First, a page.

Banks and insurers are driving the increase in corporation tax. The banks have been affected by legislative changes and the tax payments of insurance companies reflect buoyant gilt and bond markets.

The contribution from the banking sector increased further due to rising bank levy rates contributing to an increase of 24.4% in bank levy from the previous year.

The 3.6% increase in taxes borne was driven mainly by increases in corporation tax and bank levy.
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Over the last 5 years, the 100 Group have made a substantial contribution to innovation and the fabric of the UK economy.
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The contribution goes beyond tax

We estimate the 100 Group employed 2.1 million people, representing 6.6% of the total UK workforce, paid an average wage of £33,220 (the national average is £28,200) and contributed employment taxes of £12,135 per employee on average.

Over the last five years, survey participants have spent £130.6 billion on capital investment and £32.9 billion on research and development.

Half of the value distributed – a measure of the relative value received by each stakeholder – by 100 Group participants goes to the government in taxes (50.5%).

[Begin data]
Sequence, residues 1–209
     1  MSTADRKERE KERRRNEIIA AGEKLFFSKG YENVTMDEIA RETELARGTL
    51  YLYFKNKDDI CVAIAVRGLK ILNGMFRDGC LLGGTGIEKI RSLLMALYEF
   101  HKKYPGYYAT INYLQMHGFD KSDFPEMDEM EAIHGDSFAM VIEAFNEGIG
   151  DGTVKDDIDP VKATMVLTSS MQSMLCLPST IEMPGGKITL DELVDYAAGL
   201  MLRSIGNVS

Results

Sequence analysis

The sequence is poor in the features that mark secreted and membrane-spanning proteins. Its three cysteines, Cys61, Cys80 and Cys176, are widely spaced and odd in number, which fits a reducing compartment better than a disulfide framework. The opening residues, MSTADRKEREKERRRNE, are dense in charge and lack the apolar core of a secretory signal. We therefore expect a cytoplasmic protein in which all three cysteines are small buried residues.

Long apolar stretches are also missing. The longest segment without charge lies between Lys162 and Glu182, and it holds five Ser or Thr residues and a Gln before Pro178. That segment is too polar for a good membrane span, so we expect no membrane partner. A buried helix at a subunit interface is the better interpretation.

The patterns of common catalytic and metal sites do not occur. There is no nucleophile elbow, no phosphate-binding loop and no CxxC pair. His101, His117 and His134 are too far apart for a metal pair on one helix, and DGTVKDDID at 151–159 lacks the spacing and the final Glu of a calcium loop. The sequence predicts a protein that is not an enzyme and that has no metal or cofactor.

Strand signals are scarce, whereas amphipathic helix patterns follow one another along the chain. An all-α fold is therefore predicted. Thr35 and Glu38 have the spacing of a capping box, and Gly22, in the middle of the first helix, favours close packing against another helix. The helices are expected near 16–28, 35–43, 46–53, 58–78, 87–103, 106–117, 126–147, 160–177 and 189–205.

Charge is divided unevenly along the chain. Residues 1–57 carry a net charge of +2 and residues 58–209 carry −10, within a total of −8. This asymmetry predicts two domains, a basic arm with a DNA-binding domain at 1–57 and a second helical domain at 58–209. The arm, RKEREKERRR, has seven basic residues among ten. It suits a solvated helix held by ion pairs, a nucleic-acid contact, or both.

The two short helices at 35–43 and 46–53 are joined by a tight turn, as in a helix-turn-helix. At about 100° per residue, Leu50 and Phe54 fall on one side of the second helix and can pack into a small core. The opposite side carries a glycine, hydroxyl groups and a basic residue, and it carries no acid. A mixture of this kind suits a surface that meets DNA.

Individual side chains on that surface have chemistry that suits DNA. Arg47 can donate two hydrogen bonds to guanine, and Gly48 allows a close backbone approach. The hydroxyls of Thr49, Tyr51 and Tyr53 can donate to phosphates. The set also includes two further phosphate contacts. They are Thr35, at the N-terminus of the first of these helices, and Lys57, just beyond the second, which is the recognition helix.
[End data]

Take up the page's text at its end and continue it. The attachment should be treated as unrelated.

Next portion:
Explore the Total Tax Contribution of the 100 Group over the last twelve years

Our tool below allows you to explore the data from our Total Tax Contribution survey in more detail, comparing the change in profile between different years and different taxes.

The survey collects data from 100 Group members on the contribution made in all taxes borne - the taxes that represent a cost to the company such as corporation tax, employers’ NIC, business rates, irrecoverable VAT, and bank levy.

The changing profile of taxes borne between 2005 and 2016

Over the twelve years of the survey, a major finding is the change in profile of taxes borne. The contribution made to total taxes borne by taxes other than corporation tax is greater in 2016 when compared with 2005. This changing profile for the 100 Group suggests that tax revenues contributed by this group of companies have become materially less dependent on corporation tax. There has been a consistent trend away from a tax based on profits to taxes based on people, production and property.

Trends in taxes between 2005 and 2016